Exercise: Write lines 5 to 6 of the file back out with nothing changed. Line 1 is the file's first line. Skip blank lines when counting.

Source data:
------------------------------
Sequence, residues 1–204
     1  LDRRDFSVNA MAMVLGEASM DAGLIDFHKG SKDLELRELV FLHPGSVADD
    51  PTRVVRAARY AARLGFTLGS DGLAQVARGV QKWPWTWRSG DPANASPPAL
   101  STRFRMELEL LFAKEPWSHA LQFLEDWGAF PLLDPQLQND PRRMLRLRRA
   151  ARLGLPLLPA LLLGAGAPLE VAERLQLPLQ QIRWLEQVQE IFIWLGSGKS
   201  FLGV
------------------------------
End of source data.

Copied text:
   151  ARLGLPLLPA LLLGAGAPLE VAERLQLPLQ QIRWLEQVQE IFIWLGSGKS
   201  FLGV